23.  As regards non-pecuniary damage the applicants submitted that the interference of the State with their properties had caused them distress and anxiety and that the predicament in which they had found themselves was quite serious, as most of them had purchased the properties at a very high cost at the time with limited resources. However, they affirmed that a judgment of the Court holding that there has been a violation of their rights under the Convention would constitute sufficient just satisfaction and claimed token compensation of one euro.

24.  The Government did not submit any specific observations under this head.

25.  The Court considers that while the applicants may have sustained non-pecuniary damage, the principal judgment provides sufficient compensation for it.

C.  Costs and expenses

26.  As regards costs and expenses for the proceedings before the Supreme Administrative Court, the applicants claimed EUR 587 per expropriated plot, namely a total of EUR 18,684. As to the proceedings before the Court, the applicants underlined the complexity of the case and the fact that they needed two lawyers, who had spent 380 hours working on the file at an hourly rate of EUR 145 (total: EUR 57,000). To that sum should be added an amount of EUR 2,000 for various secretarial expenses. Lastly, they claimed EUR 1,416 for the fees of the civil engineers who had assessed the value of their properties.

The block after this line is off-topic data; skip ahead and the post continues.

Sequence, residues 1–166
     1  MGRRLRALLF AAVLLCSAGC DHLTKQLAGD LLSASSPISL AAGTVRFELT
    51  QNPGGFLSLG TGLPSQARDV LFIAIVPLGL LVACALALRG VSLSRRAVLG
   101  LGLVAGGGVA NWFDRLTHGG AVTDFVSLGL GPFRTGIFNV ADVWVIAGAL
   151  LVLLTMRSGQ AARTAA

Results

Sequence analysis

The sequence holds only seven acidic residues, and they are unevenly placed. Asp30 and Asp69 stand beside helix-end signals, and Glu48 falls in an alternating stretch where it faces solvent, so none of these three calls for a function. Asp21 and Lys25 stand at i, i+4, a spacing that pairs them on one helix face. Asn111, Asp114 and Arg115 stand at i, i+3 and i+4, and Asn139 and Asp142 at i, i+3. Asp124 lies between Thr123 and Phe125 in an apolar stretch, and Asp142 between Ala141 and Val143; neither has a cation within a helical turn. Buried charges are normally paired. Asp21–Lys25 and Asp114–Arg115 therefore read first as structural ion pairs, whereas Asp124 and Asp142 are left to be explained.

27.  The Government submitted that the applicants’ claims for costs and expenses were not supported by any proof. They further argued that the experts’ valuation did not relate to the violation found. In any event, they considered that any award in respect of costs and expenses incurred in the Court proceedings should not exceed EUR 3,000.

28.  According to the Court’s established case-law, costs and expenses will not be awarded under Article 41 unless it is established that they were actually and necessarily incurred and were also reasonable as to quantum (see Iatridis v. Greece (just satisfaction), op. cit., § 54). Furthermore, legal costs are only recoverable in so far as they relate to the violation found (see Beyeler v. Italy (just satisfaction) [GC], no. 33202/96, § 27, 28 May 2002).

29.  In the present case, the Court notes that the applicants’ claims were not supported by any voucher or bill of costs on the basis of which the Court can assess precisely the cost and expenses actually incurred.